When I was 10 years old, I wanted to be a game show host.
Maybe it's because Pat Sajak always had the answers and he got to hang out with Vanna White every day. Even the losers on game shows walk away happy with their parting gifts.
Long before I knew what fantasy sports were all about, my childhood was a euphoric blend of Press Your Luck re-runs and baseball – Little League, sandlots, Tigers, Braves, Cubs, TV and radio.
Peter Tomarken was as much of a hero to me as David Justice or Ryne Sandberg.
My path into sports probably started well before I was consciously aware of it. As a kid, I was scraping together loose change for packs of baseball cards and Becketts. Back then, my exposure to hyped up prospects was as simple as chasing down their rookie cards. My 10-year-old self did not understand the importance of Alex Rodriguez's pedigree as the Mariners' first overall draft pick in 1993. However, that I could own a share of him worth at least $2.50 (in mint condition, of course) was more than enough of an incentive to have interest.
For every Rodriguez card I tracked down, there were plenty of duds over the years that in my eyes inexplicably lost value.
Many have probably been covered in the “What Ever Happened To...” section of Sports Illustrated over the last 20 years. Brien Taylor, anyone? The remnants of my collection are likely buried in a closet at my parents’ house, and are still comprised of Ben Grieve and Brooks Kieschnick rookie cards that were once expected to lead me to a stable financial future.
Back then, I only knew that the value of those Taylor or Grieve cards were tanking. I had no idea why, but that question has been a huge part of my professional endeavors.
In baseball, many of the “Why” questions require a formal scouting background. For those of us who have not received an opportunity to go that route, it is a careful analytical study of the factors deemed important by fellow statheads over time.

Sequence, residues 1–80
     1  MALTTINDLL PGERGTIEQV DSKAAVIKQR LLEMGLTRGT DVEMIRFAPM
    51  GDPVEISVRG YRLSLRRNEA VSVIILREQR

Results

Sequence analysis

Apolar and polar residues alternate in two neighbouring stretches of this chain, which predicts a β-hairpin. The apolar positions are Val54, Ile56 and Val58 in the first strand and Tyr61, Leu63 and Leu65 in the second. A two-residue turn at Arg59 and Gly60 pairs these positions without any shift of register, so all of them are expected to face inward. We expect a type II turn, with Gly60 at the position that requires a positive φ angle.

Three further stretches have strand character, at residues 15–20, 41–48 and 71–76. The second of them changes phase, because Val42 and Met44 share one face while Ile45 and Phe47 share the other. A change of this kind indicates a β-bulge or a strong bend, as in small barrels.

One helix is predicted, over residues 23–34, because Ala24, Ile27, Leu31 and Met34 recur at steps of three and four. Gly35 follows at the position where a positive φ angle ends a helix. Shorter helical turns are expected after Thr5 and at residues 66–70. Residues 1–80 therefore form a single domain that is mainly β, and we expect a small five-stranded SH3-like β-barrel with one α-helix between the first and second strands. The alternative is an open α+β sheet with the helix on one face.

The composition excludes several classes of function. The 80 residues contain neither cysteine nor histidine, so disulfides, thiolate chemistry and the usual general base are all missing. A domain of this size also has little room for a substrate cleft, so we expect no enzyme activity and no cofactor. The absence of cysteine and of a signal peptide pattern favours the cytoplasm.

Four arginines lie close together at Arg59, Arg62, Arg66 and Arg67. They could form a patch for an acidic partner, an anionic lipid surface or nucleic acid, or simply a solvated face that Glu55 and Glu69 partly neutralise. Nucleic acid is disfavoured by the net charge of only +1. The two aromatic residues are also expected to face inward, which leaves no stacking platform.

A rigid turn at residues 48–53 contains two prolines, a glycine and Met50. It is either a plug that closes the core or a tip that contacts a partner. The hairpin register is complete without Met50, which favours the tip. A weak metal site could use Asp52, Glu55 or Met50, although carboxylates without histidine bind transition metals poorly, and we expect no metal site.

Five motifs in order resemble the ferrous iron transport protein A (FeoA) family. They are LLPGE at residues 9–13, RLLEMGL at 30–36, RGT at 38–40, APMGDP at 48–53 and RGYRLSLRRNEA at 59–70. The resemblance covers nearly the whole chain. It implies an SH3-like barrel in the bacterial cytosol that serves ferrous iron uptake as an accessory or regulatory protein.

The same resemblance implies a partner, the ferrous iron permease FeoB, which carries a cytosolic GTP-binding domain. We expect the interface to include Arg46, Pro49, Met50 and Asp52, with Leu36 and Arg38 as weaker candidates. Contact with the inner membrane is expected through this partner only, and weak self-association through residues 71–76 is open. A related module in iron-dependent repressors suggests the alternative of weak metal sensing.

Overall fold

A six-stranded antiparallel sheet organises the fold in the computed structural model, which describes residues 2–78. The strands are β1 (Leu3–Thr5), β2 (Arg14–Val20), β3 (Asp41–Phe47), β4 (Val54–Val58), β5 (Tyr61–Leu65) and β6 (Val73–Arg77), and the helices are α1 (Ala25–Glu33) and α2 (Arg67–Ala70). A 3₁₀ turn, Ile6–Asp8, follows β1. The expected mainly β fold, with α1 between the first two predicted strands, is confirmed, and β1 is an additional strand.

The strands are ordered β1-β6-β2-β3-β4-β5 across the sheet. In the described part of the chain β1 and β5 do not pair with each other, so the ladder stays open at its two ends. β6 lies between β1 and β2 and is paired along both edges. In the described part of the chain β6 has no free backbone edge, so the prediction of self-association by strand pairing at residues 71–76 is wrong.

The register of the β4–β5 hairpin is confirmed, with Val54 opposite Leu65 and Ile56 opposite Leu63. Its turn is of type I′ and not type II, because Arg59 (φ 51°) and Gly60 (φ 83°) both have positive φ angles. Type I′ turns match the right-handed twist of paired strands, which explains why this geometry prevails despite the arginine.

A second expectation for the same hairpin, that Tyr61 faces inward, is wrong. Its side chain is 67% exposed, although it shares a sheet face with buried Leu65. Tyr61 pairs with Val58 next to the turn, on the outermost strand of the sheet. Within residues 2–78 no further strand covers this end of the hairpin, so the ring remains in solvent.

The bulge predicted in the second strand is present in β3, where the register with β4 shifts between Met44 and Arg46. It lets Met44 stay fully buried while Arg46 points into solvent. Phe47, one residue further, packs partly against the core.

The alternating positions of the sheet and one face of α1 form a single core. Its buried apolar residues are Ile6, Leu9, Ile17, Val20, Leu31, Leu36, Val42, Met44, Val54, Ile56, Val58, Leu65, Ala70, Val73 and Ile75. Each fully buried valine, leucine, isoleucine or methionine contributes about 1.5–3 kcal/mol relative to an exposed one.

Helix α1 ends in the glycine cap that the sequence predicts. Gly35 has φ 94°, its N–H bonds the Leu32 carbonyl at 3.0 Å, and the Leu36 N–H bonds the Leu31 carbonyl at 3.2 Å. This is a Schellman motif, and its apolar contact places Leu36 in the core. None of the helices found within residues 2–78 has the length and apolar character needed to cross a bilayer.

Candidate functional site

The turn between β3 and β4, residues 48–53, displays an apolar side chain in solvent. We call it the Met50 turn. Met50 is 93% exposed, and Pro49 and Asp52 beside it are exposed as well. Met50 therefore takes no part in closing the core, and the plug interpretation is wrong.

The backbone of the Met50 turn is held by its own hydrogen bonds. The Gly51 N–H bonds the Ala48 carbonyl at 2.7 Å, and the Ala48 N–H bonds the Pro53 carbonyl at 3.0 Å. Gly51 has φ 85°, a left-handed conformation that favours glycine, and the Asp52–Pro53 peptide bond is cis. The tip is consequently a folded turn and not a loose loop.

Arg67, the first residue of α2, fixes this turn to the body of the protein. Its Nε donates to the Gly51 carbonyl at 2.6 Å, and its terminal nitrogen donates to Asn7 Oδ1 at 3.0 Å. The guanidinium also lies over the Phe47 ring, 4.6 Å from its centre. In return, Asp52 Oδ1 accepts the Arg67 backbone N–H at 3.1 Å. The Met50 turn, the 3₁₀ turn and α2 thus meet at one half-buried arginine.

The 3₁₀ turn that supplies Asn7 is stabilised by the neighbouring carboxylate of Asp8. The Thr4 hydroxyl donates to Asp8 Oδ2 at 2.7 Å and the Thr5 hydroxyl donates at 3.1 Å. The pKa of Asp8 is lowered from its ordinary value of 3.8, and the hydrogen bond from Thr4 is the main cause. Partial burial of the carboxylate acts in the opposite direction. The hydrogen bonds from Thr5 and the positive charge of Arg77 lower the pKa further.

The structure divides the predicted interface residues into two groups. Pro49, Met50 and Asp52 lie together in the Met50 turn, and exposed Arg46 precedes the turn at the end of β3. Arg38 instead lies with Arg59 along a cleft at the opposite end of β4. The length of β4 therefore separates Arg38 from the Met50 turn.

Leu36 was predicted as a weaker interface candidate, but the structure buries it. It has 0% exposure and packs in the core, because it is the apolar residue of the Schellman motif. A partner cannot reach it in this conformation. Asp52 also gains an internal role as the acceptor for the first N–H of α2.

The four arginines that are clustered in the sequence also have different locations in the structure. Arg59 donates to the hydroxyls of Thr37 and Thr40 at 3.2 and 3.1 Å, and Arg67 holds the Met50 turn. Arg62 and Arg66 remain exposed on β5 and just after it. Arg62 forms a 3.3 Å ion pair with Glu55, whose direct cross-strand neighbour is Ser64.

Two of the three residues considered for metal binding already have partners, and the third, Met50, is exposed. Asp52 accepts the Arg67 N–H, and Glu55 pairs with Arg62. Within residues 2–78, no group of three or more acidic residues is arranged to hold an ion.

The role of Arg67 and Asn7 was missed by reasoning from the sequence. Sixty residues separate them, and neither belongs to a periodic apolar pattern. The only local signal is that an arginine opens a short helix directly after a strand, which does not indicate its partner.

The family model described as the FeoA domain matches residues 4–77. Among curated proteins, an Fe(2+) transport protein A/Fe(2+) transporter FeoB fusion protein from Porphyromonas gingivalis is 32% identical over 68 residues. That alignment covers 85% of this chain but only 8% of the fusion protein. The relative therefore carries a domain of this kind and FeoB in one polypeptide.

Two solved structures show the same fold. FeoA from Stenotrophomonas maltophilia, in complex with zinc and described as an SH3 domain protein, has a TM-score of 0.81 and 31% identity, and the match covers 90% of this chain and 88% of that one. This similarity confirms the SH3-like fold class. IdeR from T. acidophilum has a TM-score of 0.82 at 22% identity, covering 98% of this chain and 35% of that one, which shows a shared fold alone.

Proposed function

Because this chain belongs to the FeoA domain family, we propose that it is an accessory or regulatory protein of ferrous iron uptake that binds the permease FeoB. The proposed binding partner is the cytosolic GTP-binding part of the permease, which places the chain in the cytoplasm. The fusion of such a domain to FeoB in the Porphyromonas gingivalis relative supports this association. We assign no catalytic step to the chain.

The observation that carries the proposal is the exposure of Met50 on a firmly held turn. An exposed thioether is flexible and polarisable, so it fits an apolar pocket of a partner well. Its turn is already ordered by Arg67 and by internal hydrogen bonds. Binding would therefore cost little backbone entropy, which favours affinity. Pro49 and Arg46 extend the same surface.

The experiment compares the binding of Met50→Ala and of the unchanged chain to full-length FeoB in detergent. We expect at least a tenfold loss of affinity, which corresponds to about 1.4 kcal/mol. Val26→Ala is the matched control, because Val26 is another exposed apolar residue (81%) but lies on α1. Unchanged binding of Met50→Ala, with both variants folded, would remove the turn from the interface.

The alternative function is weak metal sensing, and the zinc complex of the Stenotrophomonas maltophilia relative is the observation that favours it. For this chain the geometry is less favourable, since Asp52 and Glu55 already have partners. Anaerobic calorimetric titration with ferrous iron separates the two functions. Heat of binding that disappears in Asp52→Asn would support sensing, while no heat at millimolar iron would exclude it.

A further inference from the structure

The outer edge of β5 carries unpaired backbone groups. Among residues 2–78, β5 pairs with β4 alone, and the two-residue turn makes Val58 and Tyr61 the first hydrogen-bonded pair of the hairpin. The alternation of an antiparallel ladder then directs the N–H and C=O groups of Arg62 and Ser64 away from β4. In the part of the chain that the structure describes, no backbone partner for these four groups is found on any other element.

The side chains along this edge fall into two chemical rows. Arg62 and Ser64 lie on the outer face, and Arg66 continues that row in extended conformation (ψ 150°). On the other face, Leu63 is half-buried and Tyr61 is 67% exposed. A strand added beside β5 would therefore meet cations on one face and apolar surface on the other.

Somewhere, there is probably a 10 or 12-year-old kid wondering why his Pedro Alvarez cards have plummeted in value over the last four years. Fortunately, there is some reason to be slightly optimistic, as Alvarez has shown steady improvement at the plate throughout this season.
April – 4.8 BB%, 37.1 K%, .203/.242/.525
May – 9.5 BB%, 31.4 K%, .207/.276/.359
June – 11.5 BB%, 27.1 K%, .262/.354/.571
July – 25.0 BB%, 16.1 K%, .444/.583/.444
He has also shown us that there are many different paths to .234/.309/.475 with 15 homers. Are you buying the aggregate result to this point, or something in line with the improvement he's shown in June and the early days of July?
Since May 1, Alvarez is hitting .243/.329/.459 with 10 homers and 39 RBI (55 games). Over a 162-game pace, those numbers translate to 30 homers and 115 RBI. Lefties are still a problem for him (13-for-64, .203/.282/.375), but manager Clint Hurdle is giving him an opportunity to improve as Alvarez hasn't been on the bench against a lefty starter since June 10. Going forward, the post-May 1 line is a reasonable expectation.
This week, Jeff posted a series of players in Charging the Mound with a common theme. Here are my thoughts on what is wrong with...
Ricky Romero, SP, TOR – The numbers are terrible across the board. Romero's 6.38 K/9IP is a career low, his walk rate has jumped to a career-high 4.74 BB/9IP and he's been more susceptible than ever to the long ball (1.21 HR/9IP). A lower than usual LOB% (66.5) is partially to blame, but the FIP (5.15) and xFIP (4.53) suggest that his 5.35 ERA isn't simply the result of bad luck. The contact that hitters are making against Romero is much harder than last season (19.6% line drive rate) and his HR/FB is a career-high 17.5%. Batted ball data alone is never a reason to completely write off a pitcher, but when pitch f/x shows that velocity is also down, the likely explanation is an undisclosed injury.
Ian Kennedy, SP, ARI – In a word, nothing. His home-run rate has settled in just between his 2010 and 2011 numbers, the strikeout rate is right in line with his career norms and the walk rate has actually improved. Our resident scout Bernie Pleskoff mentioned during the XM show this week that Kennedy is not a power pitcher and that a great deal of his success comes from the chess game played against opposing hitters, locating and sequencing his pitches appropriately. View him as a viable top-25 starting pitchers going forward.
Cliff Lee, SP, PHI –
Adrian Gonzalez, 1B, BOS – Earlier this season, Gonzalez revealed that his shoulder was bothering him throughout Year 1 in Boston. The results were only a slight step back from his final season in San Diego, as he still managed a .338/.410/.548 line with 27 homers and 117 RBI over 159 games. By his own admission, the shoulder feels better than it has in years, but the results through 82 games have been dismal (.275/.323/.404, six homers, 44 RBI). Strangely, the batted ball profile doesn't show much to coincide with Gonzalez's power outage, as he's traded some of his groundballs for a few extra line drives and an increased flyball rate. The outlier here is a 6.4% HR/FB, a full 10% lower than the mark he's delivered in each of the last two seasons. Further, Gonzalez's walk rate has dipped to 6.5% (last year: 10.3%), while the isolated slugging has tumbled from .210 to .130. Buying in depends entirely on how much the price has come down, but the ceiling might be .300 with 10 homers and 50 RBI in the second half.